Astronomers have recently observed peculiar radio waves emitting from our galactic center. Researchers say the radio waves don’t resemble any previous variable radio source. This data suggests that the signals may come from a new cosmic object in the Milky Way.
Could it be aliens attempting to communicate with us? Researchers aren’t sure, but it’s exciting to think about that possibility.
“The strangest property of this new signal is that it is has a very high polarisation. This means its light oscillates in only one direction, but that direction rotates with time,” said Ziteng Wang, lead author of the new study and a Ph.D. student in the School of Physics at the University of Sydney.
“The brightness of the object also varies dramatically, by a factor of 100, and the signal switches on and off apparently at random. We’ve never seen anything like it.”
In this case, the brightness doesn’t refer to light emitted from the object but rather the strength of the signal. So, a bright radio signal means a strong one.
Many different types of stars send variable light waves across the electromagnetic spectrum. Many advances have been made in radio astronomy, the study of unstable objects in radio waves in modern times. This field of study helps scientists uncover new information about how the Universe works.
Astronomers have observed that celestial objects with varying brightness levels include pulsars, supernovae, flaring stars, and fast radio bursts. The object emitting signals from the Milky Way’s center doesn’t resemble any of these, however.
“At first, we thought it could be a pulsar — a very dense type of spinning dead star — or else a type of star that emits huge solar flares. But the signals from this new source don’t match what we expect from these types of celestial objects,” Mr. Wang said.
Research about the celestial object appeared in the Astrophysical Journal.
Astronomers Find Strange Radio Waves Coming From the Galactic Center
Mr. Wang collaborated with scientists from Australia’s national science agency CSIRO, Germany, the United States, Canada, South Africa, Spain, and France. The international team found the galactic object with the CSIRO’s ASKAP radio telescope in Western Australia. They also used the South African Radio Astronomy Observatory’s MeerKAT telescope for additional observations.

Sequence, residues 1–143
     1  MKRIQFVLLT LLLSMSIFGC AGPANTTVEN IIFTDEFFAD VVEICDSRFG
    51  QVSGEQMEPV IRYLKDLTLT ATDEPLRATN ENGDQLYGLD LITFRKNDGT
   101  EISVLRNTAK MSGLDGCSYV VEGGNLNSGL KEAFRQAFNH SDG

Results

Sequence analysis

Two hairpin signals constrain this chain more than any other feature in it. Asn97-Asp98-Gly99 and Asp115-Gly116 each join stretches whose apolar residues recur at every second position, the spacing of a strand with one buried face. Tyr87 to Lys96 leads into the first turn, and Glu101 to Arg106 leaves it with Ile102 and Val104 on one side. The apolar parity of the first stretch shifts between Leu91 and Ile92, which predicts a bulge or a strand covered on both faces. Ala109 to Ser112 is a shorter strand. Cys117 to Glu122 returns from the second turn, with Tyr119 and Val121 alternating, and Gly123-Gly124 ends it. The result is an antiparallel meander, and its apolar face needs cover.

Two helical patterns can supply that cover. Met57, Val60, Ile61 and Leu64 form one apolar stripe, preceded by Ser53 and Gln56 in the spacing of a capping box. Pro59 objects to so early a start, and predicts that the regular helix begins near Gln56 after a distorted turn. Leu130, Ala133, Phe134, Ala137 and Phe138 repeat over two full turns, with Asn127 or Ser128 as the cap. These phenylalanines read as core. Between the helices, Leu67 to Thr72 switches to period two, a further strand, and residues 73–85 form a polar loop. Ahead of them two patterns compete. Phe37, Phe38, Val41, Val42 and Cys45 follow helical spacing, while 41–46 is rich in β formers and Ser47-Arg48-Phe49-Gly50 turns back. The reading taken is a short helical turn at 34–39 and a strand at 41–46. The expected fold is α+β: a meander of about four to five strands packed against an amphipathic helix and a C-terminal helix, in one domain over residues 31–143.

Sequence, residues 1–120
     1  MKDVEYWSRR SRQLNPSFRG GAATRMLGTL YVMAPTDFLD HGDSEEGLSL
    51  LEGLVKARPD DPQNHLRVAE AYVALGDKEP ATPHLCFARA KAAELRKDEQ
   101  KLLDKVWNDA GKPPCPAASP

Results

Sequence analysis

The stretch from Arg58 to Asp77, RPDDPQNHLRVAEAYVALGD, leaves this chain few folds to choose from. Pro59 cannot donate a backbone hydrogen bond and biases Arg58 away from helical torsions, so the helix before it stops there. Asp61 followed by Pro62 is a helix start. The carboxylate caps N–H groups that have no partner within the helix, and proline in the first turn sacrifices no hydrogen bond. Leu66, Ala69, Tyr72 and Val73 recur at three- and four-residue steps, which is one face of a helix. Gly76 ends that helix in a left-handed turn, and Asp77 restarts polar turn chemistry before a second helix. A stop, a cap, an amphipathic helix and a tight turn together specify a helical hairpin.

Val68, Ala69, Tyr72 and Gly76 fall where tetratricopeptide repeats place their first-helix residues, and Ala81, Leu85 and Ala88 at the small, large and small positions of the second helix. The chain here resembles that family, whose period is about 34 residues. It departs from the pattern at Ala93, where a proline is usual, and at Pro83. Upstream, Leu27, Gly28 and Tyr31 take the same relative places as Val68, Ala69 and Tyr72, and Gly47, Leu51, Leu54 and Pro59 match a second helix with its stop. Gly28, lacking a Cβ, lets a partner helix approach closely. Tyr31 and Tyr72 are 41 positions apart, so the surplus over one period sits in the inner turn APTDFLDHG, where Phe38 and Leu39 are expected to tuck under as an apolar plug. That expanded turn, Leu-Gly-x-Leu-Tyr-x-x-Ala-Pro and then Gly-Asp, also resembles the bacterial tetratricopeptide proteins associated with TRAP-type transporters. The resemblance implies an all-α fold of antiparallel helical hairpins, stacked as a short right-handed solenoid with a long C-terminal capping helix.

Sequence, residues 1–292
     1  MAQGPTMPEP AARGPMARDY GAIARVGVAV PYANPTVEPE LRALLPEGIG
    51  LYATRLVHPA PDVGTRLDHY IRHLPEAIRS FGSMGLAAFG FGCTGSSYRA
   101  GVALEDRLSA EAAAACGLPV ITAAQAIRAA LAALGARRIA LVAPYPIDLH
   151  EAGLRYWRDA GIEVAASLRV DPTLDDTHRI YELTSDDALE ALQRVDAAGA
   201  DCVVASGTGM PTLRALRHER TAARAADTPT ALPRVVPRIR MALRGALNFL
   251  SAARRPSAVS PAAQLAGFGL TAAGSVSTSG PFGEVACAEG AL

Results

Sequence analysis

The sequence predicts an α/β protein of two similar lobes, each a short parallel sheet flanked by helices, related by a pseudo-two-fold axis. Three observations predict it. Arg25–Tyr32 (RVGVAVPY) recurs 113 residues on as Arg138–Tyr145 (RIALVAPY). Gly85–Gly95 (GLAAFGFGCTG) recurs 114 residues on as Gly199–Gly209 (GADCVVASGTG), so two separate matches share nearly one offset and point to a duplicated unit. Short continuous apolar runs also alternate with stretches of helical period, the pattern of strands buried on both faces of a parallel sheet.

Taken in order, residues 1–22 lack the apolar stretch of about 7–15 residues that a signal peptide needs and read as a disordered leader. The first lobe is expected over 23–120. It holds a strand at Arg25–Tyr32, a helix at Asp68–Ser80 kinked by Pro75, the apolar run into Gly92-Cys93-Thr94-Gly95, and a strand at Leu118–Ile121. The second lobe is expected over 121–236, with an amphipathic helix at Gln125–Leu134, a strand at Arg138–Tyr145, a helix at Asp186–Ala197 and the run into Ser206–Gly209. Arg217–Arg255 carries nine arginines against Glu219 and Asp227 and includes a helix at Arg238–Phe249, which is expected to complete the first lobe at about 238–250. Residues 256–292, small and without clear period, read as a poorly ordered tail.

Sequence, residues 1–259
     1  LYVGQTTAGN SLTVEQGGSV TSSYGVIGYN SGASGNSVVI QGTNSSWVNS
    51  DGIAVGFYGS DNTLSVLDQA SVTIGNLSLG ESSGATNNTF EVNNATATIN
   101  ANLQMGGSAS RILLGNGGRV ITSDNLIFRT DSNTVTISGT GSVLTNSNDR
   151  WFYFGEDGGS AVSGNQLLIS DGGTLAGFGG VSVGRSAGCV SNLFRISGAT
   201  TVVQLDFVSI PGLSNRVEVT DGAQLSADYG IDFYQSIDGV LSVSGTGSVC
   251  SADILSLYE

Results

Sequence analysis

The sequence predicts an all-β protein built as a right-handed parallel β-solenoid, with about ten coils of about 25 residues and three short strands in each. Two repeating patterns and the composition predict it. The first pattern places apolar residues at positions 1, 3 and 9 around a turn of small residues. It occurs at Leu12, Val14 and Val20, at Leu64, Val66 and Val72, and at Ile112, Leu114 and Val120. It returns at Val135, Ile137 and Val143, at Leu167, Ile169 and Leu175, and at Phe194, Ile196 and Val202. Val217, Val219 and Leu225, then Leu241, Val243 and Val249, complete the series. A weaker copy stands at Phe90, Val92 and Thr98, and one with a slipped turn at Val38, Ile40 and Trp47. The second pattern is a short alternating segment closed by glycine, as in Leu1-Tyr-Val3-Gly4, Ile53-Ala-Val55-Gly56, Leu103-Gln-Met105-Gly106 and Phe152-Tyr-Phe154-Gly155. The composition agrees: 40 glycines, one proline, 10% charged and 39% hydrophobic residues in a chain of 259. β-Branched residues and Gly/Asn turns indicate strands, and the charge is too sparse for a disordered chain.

Mr. Wang’s Ph.D. supervisor from the Sydney Institute for Astronomy and the School of Physics, Professor Tara Murphy, commented on the findings.
Professor Murphy said: “We have been surveying the sky with ASKAP to find unusual new objects with a project known as Variables and Slow Transients (VAST), throughout 2020 and 2021.
“Looking towards the center of the Galaxy, we found ASKAP J173608.2-321635, named after its coordinates. This object was unique in that it started invisibly, became bright, faded away, and then reappeared. This behavior was extraordinary.”
The team observed six radio signals from the galactic center for nine months in 2020. The astronomers wanted to take it a step further and locate the object in visible light. Unfortunately, their search didn’t produce any results.
So, they decided to use the Parkes radio telescope in hopes of discovering the object. Once again, they couldn’t detect the source. However, they still had one last option.
Professor Murphy said: “We then tried the more sensitive MeerKAT radio telescope in South Africa. Because the signal was intermittent, we observed it for fifteen minutes every few weeks, hoping that we would see it again.
“Luckily, the signal returned, but we found that the behavior of the source was dramatically different — the source disappeared in a single day, even though it had lasted for weeks in our previous ASKAP observations.”
Unfortunately, the observation didn’t tell them much about the source of the variable radio signal.
Radio Waves Unlike Any Observed Before
Mr. Wang’s co-supervisor, Professor David Kaplan from the University of Wisconsin-Milwaukee, said: “The information we do have has some parallels with another emerging class of mysterious objects known as Galactic Centre Radio Transients, including one dubbed the ‘cosmic burper.’
“While our new object, ASKAP J173608.2-321635, does share some properties with GCRTs, there are also differences. And we don’t understand those sources, anyway, so this adds to the mystery.”
The scientists will keep tracking the galactic object in hopes of finding out more about the strange signal.